GBP (Sterling) – https://tradingeconomics.com/united-kingdom/current-account

AUD – https://tradingeconomics.com/australia/current-account

USD – https://tradingeconomics.com/united-states/current-account

EUR – https://tradingeconomics.com/euro-area/current-account

CHF – https://tradingeconomics.com/switzerland/current-account

CAD – https://tradingeconomics.com/canada/current-account

NZD – https://tradingeconomics.com/new-zealand/current-account

JPY – https://tradingeconomics.com/japan/current-account

 

What do traders care about the Current Account and its impact on the currency?

The Current Account, being one of the critical components of the country’s balance of payment, is directly linked to currency demand. An increasing surplus in the Current Account indicates that foreigners are buying more of the domestic currency in order to make transactions in the country. Also, the surplus in Current Account can be interpreted as the surplus in the exports made by the country. This means foreign countries will have to buy more of the domestic currency in order to pay for their imports. This will increase the demand for the country’s currency and will eventually strengthen it. So the health of the currency and the Current Account are correlated. Traders tend to watch the status of the Current Account and if it has been in surplus or deficit in the recent past.

 

Frequency of the release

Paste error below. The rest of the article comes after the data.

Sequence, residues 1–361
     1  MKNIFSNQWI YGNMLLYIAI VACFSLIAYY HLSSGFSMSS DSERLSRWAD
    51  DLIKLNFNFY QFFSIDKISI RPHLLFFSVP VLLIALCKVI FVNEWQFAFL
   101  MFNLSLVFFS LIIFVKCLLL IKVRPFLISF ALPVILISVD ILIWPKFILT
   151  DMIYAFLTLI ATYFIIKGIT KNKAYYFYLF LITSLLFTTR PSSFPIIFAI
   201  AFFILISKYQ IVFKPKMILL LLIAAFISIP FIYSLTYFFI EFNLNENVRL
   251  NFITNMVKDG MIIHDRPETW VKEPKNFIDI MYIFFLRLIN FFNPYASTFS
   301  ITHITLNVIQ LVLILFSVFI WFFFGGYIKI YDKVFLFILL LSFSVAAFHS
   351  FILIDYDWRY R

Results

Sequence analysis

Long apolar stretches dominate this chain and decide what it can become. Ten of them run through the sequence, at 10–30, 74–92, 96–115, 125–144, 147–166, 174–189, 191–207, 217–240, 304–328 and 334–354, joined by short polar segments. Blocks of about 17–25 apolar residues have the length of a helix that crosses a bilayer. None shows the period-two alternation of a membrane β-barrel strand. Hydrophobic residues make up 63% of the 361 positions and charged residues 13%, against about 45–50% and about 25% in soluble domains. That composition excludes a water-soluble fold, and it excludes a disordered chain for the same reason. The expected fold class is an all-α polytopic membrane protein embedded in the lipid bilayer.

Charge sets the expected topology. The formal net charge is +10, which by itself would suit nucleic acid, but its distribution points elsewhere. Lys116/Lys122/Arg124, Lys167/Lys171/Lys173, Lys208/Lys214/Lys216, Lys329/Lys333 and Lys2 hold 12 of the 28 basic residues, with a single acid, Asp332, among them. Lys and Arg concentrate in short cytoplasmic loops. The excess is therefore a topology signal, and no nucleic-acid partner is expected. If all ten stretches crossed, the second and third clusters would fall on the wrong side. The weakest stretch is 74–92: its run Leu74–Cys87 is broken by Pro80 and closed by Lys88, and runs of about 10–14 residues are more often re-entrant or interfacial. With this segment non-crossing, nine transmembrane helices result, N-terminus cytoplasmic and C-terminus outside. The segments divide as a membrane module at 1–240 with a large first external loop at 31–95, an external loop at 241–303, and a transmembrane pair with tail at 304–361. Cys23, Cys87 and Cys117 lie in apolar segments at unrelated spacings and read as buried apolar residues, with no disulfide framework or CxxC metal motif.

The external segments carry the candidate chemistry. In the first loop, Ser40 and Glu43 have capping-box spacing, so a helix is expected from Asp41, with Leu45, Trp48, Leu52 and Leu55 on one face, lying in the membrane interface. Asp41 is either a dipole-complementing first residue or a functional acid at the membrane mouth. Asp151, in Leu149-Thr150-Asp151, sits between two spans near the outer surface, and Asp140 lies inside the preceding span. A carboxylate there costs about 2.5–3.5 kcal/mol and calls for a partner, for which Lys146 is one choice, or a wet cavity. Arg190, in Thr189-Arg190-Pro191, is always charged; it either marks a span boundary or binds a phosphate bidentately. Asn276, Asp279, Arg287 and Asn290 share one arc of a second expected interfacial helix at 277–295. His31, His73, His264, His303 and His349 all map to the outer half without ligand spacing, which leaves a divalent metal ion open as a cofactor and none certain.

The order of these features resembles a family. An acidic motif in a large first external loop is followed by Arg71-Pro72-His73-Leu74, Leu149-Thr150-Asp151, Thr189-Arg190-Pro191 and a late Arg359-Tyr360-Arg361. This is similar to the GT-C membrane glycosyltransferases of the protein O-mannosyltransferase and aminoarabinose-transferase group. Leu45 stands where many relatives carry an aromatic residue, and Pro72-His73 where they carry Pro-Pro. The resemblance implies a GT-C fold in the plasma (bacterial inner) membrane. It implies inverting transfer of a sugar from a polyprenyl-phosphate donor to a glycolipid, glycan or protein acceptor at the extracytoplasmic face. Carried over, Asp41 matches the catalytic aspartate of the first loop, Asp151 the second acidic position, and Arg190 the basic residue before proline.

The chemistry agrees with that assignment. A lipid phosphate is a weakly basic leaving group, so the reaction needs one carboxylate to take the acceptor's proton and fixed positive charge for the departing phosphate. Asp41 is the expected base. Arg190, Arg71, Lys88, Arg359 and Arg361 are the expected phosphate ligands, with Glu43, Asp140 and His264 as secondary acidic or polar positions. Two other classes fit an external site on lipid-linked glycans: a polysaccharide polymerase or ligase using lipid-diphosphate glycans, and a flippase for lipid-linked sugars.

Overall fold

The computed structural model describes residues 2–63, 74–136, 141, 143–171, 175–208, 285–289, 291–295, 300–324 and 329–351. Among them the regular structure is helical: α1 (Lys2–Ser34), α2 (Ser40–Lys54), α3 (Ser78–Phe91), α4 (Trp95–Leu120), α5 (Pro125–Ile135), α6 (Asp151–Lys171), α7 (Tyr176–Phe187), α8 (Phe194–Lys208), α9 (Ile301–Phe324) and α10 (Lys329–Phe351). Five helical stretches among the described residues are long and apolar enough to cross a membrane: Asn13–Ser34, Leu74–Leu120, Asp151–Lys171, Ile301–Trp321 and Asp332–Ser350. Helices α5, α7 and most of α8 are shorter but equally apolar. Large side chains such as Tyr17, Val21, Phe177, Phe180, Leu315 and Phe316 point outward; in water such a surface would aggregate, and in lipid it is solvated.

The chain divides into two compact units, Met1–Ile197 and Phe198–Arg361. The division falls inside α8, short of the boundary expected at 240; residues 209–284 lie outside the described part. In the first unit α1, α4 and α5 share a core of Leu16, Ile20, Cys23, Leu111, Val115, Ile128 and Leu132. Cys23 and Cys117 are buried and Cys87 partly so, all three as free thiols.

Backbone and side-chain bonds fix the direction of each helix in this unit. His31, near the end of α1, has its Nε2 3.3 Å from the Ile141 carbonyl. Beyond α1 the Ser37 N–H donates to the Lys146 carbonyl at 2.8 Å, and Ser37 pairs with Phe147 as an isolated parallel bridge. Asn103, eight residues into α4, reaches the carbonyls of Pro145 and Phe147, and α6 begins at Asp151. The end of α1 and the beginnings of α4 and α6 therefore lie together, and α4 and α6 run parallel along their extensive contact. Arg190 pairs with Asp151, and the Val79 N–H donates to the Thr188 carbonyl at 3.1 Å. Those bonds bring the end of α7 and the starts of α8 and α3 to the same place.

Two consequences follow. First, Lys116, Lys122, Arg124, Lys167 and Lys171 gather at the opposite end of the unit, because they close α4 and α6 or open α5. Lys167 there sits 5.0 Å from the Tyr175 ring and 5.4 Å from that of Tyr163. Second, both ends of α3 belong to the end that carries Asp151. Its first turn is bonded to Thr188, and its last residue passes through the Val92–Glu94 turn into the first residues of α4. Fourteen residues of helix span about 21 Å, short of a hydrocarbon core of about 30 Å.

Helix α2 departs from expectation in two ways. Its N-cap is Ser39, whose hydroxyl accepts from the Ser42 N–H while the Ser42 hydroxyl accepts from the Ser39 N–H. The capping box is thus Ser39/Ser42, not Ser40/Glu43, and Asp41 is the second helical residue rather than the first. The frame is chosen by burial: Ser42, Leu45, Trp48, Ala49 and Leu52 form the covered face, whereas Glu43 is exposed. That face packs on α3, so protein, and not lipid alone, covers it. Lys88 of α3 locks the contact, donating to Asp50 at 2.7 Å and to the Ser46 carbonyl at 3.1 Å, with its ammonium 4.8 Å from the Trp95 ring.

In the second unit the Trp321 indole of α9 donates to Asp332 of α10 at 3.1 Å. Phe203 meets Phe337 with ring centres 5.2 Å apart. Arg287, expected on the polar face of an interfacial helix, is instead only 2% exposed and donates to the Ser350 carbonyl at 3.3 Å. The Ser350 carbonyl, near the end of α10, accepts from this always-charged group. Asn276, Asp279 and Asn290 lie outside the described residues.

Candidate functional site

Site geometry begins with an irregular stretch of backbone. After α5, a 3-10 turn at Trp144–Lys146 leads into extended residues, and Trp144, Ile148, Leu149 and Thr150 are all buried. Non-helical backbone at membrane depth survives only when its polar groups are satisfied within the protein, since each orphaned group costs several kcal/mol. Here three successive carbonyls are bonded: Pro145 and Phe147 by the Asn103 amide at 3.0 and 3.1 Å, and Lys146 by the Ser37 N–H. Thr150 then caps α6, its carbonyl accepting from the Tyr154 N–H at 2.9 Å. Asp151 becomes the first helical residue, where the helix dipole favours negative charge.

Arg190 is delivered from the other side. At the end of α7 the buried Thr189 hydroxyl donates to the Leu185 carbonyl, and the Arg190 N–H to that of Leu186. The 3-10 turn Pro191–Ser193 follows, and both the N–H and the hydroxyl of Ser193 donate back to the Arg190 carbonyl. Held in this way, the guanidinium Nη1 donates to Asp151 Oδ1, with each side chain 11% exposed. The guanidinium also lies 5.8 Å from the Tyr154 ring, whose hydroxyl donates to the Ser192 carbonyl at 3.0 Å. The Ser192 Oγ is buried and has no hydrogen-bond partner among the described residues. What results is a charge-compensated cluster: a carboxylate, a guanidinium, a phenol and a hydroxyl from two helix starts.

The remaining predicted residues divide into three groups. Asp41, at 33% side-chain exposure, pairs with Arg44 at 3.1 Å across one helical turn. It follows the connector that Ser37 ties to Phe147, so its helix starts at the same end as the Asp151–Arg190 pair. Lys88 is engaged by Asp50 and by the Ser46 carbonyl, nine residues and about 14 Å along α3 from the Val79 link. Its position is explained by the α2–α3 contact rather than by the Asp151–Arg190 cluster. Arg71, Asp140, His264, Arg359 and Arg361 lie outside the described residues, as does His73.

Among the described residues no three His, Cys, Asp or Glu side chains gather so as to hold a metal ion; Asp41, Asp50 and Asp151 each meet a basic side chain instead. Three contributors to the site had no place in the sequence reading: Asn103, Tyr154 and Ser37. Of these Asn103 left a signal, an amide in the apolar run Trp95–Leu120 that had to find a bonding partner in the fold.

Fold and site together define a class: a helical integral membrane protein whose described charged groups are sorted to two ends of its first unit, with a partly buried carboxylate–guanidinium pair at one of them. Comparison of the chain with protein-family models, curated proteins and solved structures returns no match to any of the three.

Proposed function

The Current Account statistics of different countries are released by different boards. Hence the frequency of release and publish dates differ from county to country. This data is generally released either on a monthly or quarterly basis. The issue dates for respective countries also varies. Below is the list of release frequency & publish timelines for the respective countries.

GBP (Sterling) – Released quarterly, about 85 days after the quarter ends.

AUD – Released quarterly, about 60 days after the quarter ends.

USD – Released quarterly, about 75 days after the quarter ends.

EUR – Released monthly, about 50 days after the month ends.

CAD –  Released quarterly, about 60 days after the quarter ends.

NZD –  Released quarterly, about 80 days after the quarter ends.

JPY –  Released monthly, about 40 days after the month ends.

 

The Bottom Line

Countries with prolonged deficits in Current Account often comes under increased investor scrutiny when there is uncertainty in the market. The currencies of such countries often come under speculative attack during those times. Foreign exchange reserves will be exhausted to support the domestic currency and that combined with a declining trade balance puts extra pressure on the currency. So countries with a deficit in Current Account must often take strict measures to support & strengthen the currency, like raising interest rates and reducing the currency outflows, etc.